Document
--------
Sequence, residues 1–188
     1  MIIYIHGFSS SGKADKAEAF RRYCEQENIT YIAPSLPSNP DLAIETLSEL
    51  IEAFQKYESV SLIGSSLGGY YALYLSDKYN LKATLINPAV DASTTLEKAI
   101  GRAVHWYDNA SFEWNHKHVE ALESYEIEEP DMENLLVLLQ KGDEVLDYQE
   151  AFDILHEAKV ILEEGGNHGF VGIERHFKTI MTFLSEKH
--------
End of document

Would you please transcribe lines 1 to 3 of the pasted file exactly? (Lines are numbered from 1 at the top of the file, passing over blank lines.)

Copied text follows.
Sequence, residues 1–188
     1  MIIYIHGFSS SGKADKAEAF RRYCEQENIT YIAPSLPSNP DLAIETLSEL
    51  IEAFQKYESV SLIGSSLGGY YALYLSDKYN LKATLINPAV DASTTLEKAI